CHANGES COMING: A European livestock trailer with an on-board watering system. Could this be a hint of things to come in Canada?
OTTAWA, Ont. – The Canadian Food Inspection Agency (CFIA) is warning livestock haulers that changes are in store and encouraging them to have a say in what exactly those changes will entail.
The CFIA is giving plenty of notice about the proposed changes to Canada’s animal transportation regulations, in hopes carriers will provide feedback and help shape the new standards which could be introduced as early as this year. The agency is soliciting feedback through it’s Web site before posting the proposed changes in Canada Gazette Part 1.
“What it boils down to is the current regulations were written about 30 years ago and there has been very little change since,” the CFIA’s Dr. Gord Doonan told Truck News. “We have a lot more information available now than we did 30 years ago, and we have to recognize that. Finally, the expectations of the Canadian public have changed over that period of time too. There’s more awareness of the way animals are treated and it’s quite clear from the letters and calls we receive from the public that they expect animals to be treated well.”
Canada’s antiquated animal transport rules allow for cattle to go for up to 81 hours without feed (from the time they leave the farm to the time they are slaughtered) and up to 57 hours without water.
“Most people aren’t taking advantage of that,” Doonan points out. “But there are always a few that will go as far as we allow them to go. The regulations are really needed for the minority.”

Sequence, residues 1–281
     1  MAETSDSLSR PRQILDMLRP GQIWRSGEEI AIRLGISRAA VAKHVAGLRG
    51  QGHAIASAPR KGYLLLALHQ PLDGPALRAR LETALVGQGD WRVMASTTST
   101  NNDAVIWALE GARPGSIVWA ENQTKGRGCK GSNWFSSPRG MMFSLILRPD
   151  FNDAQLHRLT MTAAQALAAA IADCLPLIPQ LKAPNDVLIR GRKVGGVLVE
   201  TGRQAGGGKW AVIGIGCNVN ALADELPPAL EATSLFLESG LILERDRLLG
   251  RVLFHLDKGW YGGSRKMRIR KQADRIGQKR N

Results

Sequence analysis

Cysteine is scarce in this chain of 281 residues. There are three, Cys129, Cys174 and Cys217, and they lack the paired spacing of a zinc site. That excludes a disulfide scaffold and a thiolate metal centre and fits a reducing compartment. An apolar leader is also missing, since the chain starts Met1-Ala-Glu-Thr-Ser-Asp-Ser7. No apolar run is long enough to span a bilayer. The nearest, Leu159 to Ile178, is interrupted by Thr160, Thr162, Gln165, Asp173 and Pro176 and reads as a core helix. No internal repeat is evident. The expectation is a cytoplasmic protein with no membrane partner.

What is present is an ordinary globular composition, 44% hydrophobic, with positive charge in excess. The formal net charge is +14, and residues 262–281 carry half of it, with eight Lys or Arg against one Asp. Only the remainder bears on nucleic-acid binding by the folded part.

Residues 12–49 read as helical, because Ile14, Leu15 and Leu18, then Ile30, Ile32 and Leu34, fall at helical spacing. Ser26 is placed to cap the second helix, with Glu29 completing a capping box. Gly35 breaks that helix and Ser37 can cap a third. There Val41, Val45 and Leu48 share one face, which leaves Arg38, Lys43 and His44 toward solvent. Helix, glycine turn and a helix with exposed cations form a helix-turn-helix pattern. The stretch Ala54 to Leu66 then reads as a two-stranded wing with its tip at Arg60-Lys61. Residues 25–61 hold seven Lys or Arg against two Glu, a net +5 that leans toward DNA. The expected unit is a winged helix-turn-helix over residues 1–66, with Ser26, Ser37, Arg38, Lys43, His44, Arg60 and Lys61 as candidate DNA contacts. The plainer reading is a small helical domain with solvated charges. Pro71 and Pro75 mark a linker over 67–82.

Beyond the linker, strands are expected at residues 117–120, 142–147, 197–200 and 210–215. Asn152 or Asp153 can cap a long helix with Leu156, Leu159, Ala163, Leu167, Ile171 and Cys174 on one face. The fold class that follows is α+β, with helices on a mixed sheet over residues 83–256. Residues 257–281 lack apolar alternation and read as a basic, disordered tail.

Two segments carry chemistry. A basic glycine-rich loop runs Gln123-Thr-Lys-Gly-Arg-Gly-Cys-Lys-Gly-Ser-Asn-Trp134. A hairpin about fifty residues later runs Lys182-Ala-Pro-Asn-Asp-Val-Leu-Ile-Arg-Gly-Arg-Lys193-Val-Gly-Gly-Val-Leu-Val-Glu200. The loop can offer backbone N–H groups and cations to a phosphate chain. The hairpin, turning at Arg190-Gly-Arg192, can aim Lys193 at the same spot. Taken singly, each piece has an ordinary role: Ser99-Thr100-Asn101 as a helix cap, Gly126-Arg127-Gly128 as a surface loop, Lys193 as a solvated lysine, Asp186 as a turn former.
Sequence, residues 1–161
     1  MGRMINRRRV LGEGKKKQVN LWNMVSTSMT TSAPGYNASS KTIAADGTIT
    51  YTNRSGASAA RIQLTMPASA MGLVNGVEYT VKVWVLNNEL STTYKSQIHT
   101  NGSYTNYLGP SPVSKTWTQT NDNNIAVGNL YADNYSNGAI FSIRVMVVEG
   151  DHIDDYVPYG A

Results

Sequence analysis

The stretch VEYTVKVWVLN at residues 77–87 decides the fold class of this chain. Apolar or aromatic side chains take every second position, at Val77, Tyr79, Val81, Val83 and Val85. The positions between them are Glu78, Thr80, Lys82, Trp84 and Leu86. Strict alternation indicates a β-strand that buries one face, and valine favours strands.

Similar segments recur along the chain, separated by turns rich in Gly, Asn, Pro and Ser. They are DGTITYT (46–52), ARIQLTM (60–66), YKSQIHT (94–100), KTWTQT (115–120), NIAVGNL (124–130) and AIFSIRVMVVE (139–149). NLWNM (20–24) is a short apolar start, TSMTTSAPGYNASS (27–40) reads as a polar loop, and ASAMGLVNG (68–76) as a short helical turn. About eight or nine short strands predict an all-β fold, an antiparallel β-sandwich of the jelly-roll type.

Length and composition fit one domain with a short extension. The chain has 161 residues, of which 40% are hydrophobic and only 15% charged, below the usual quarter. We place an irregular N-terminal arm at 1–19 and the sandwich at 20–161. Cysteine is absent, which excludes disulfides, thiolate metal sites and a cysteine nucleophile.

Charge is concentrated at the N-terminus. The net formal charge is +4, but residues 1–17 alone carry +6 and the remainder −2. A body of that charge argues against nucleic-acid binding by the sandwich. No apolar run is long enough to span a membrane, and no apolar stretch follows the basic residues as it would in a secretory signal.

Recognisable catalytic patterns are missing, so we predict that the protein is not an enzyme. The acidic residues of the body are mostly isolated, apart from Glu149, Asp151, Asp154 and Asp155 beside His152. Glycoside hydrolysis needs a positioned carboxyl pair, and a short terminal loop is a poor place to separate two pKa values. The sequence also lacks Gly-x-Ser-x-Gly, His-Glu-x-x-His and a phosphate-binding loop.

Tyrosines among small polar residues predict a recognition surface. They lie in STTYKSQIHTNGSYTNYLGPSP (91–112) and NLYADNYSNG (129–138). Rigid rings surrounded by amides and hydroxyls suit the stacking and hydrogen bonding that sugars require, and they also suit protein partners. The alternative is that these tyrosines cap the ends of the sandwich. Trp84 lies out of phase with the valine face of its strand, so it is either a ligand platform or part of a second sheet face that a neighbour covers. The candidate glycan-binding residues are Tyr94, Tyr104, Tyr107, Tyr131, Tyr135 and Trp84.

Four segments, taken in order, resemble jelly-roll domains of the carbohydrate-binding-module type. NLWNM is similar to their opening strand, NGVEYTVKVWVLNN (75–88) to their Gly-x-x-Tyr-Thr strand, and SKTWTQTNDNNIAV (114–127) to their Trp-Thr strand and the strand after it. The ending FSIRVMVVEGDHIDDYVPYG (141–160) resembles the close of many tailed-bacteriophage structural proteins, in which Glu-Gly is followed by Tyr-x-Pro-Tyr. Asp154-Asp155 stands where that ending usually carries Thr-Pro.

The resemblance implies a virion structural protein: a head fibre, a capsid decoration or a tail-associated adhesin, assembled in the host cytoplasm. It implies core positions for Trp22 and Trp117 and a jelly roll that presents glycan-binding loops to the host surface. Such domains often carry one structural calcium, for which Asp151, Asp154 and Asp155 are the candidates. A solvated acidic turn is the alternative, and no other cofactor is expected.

Changes to the feed, water and rest requirements will be sure to be included in any amendments to the animal transportation regs, but Doonan said carriers won’t necessarily incur increased costs as a result. He points out there are many under-utilized areas where livestock can be offloaded for rest periods. And in some cases, food, water and rest can be provided right on-board the trailer.
“In the Health of Animals regulations there is a provision that allows animals to be provided with food, water and rest on the vehicle but the vehicle must be suitably equipped for that purpose,” points out Doonan. “What comprises suitability of the vehicle? That’s part of what we’re working on as well.”
Many of the changes being discussed will simply be to the wording of the regulations, in an effort to clarify areas that cause confusion.
For instance, terms such as “animal transportation risk factors” and “overcrowding” will be more clearly defined.
Another area that’s expected to be addressed is loading density. Canadian livestock haulers tend to pack more critters into their trailers than many other countries that have established animal welfare standards, Doonan points out.
While he admits Canadian livestock haulers generally do a good job transporting animals, he adds “We’re the ones that load the most animals on the vehicles out of those countries that have standards … and we allow animals to go the longest.”
The revamped regs may also call for the mandatory training of livestock haulers. The industry has already started heading in this direction, Doonan says, with the development of a new livestock trucking program developed by Alberta Farm Animal Care.
“There is already a movement in that direction and this would support what the industry is trying to do,” Doonan says.
The changes being proposed are based on about five years of feedback from stakeholders ranging from producers to packing plants. Even animal rights groups have had their say. But Doonan said he would like to hear more from the carriers and drivers themselves before proceeding with any significant changes.
“We’d like to work more closely with the carriers,” he said. “The trucking industry has been difficult to communicate with because they’re pretty independent.”